There are still many people around who claim an inevitable enmity between science and religions. But in the last years, scientists from different fields and backgrounds started to explore religiosity (here defined as behavior toward supernatural agents) from the perspective of evolutionary theory. We agree that questions of existence or nonexistence of supernatural agents as ancestors, spirits, bodhisattvas or God may be beyond the scope of empirical sciences, but that we may explore religious behavior, its workings and functions with the same scientific respect and curiosity as any other natural, biocultural trait (i.e. musicality or speaking).
The question from the perspective of evolutionary biology is: Why do people among all human populations invest so much time and energy in religious activities? Why did Homo Sapiens and Homo Neanderthalensis start to bury their dead as early the middle paleolithic, increasingly accompanied by rituals and gifts to the dead?
If this behavior would have only served supernatural or psychological means, why did it evolve so fast into more scope and complexity, with today even explicit non-religious people performing complex rituals regarding the deceased, even erecting huge monuments of ritual veneration to secular leaders (as Lenin, Mao, Atatürk etc.)? Why are most religious skeptics male and why do females report on the average more religious convictions and experiences than their male contemporaries? And why do women so often remain faithful to or even join obliging religious communities whose gender roles are rather binding and whose religious hierarchies are reserved to men?
If all these traits were just inducing biological costs without benefits, they should have been wiped out by evolution - but the opposite is true. Today, more and more scientists agree that religious behavior can be adapative and that is has become part of human nature through a natural history of success. Evolution shaped us - into a species able to believe. Unraveling ever-increasing parts of this scientific riddle is bringing together different scientists from very different disciplines, worldviews and backgrounds into international and interdisciplinary networks as the Evolutionary Religious Studies.
As in my German Scilog "Natur des Glaubens" (as well as in German books and scientific articles), I'd like to present and discuss the new field bridging natural sciences and religious studies here in "Biology of Religion". You'll read about biologists (i.e. David Sloan Wilson, Eckart Voland, Rüdiger Vaas) approaching religious life not with contempt, but with scientific curiosity. We'll delve into the works of neurologists (i.e. Andrew Newberg, Nina Azari, Detlef Linke) who started to pinpoint regions of the brain involved into different types of religious behavior. You'll hear about the findings of genetics and Twin Studies (i.e. by Thomas Bouchard Jr.) showing that religiosity is part of our biocultural heritage as are music and language - genetically transferred abilities who have to be be developped from childhood in a sociocultural environment. You'll meet psychologists (i.e. Jesse Bering, Ara Norenzayan, Harald Euler) and sociologists (i.e. Richard Sosis) studying the cooperative values of religious convictions while others analyzing history (i.e. Rodney Stark, Ina Wunn), deciphering the factors which led some religious movements to their world-shaping successes, as most of their competitors succumbed.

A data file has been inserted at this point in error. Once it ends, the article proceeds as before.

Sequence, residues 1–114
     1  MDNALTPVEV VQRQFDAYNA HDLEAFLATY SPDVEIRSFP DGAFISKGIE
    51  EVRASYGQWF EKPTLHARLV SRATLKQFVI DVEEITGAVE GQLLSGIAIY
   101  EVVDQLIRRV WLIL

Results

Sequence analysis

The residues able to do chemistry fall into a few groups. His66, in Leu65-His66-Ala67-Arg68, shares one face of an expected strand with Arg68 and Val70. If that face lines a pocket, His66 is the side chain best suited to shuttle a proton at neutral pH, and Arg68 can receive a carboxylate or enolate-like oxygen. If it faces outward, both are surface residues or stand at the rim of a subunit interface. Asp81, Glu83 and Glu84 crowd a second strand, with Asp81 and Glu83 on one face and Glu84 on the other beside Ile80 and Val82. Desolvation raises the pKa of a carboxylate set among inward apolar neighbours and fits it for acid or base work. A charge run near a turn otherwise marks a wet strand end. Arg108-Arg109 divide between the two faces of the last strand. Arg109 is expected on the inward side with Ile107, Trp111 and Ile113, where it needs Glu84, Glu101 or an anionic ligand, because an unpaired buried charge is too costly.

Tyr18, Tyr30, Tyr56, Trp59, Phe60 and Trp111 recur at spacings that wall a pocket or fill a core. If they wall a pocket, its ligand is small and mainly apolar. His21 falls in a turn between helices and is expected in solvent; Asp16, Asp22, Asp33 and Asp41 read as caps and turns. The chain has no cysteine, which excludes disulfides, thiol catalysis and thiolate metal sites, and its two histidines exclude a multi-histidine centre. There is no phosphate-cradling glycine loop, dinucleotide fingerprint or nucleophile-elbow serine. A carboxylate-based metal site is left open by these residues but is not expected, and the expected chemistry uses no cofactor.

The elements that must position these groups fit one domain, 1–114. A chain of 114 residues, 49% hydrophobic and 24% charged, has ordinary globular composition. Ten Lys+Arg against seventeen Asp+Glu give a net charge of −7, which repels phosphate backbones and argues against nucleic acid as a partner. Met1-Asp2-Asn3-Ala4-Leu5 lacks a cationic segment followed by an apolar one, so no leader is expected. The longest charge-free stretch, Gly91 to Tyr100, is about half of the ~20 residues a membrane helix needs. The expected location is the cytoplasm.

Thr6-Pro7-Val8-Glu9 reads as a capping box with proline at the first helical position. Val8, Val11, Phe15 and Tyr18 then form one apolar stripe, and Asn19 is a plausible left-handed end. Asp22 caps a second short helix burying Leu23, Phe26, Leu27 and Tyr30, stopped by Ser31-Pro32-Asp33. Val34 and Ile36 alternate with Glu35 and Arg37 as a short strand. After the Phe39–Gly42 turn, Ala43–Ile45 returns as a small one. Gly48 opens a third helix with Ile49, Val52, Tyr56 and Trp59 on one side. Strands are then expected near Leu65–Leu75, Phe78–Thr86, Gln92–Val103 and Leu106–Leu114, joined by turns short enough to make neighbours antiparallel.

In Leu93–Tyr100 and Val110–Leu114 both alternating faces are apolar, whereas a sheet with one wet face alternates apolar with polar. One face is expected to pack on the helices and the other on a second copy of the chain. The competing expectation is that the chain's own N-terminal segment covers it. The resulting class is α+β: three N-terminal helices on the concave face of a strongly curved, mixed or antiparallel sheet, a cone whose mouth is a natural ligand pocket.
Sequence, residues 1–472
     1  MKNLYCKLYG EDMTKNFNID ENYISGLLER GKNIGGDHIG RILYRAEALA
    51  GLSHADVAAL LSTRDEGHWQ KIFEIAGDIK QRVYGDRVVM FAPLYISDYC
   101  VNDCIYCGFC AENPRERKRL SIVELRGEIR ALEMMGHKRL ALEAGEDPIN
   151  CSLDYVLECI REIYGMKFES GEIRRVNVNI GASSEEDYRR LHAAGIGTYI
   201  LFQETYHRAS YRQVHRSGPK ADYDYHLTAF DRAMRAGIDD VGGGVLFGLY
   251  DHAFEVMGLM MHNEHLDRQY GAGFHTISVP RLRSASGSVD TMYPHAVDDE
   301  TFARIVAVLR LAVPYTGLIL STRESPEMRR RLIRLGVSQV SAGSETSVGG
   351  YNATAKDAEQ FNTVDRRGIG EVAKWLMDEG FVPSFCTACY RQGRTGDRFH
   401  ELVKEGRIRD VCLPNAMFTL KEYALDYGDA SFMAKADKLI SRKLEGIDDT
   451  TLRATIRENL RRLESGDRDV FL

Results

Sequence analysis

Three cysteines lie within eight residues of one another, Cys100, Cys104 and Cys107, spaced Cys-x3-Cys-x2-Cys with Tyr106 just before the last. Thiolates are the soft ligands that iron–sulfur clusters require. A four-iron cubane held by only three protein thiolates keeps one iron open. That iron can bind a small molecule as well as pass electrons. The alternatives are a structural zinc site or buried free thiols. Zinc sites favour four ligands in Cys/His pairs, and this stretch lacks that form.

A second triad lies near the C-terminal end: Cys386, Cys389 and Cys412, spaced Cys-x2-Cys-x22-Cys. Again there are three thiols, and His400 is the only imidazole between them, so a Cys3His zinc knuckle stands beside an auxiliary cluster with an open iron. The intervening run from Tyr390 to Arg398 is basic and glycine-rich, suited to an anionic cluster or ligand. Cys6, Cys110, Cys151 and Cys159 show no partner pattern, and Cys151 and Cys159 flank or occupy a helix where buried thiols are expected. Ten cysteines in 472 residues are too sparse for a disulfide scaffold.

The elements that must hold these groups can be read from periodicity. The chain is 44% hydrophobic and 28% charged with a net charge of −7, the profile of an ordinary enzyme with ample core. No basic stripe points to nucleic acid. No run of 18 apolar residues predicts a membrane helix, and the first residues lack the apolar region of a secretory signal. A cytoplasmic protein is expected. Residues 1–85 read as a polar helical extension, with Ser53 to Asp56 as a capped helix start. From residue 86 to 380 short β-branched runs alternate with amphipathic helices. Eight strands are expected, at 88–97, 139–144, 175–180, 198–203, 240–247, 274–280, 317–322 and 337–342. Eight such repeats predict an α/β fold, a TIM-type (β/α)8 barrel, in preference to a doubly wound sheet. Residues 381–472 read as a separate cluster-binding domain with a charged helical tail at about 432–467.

The Reproductive Potentials of Religiosity
And I'd like to introduce interested people into my personal focus of research, the reproductive advantage of religiosity - as rightly assumed and coined by economic nobel prize winner Friedrich August von Hayek (1899-1992). After a doctoral thesis on religion and brain sciences (the so-called "neurotheologies"), I have worked on the complex relations of religions and demography, observing and exploring higher birth rates (that is: evolutionary success!) among religious people worldwide, even if compared to their secular neighbours of the same income and educational levels.
We'll discuss empirical studies from different times and countries around the world and we'll visit interesting case studies of reproductive success as the Amish, orthodox Jews or the Mormons - noting that yet not a single secular community managed to pass on its genes and traditions with the same, intergenerational success as these and other religious ones.
Dynamically furthered by the possibilities of the Web 2.0 (as blogs, networks and Twitter (BlumeEvolution)), there's emerging a new, fascinating picture of the nature of faith, opening new perspectives and transcending old prejudices on the basis of natural sciences, sound reason and curious respect toward life itself. I'd be glad if you'd join the adventure of evolutionary religious studies!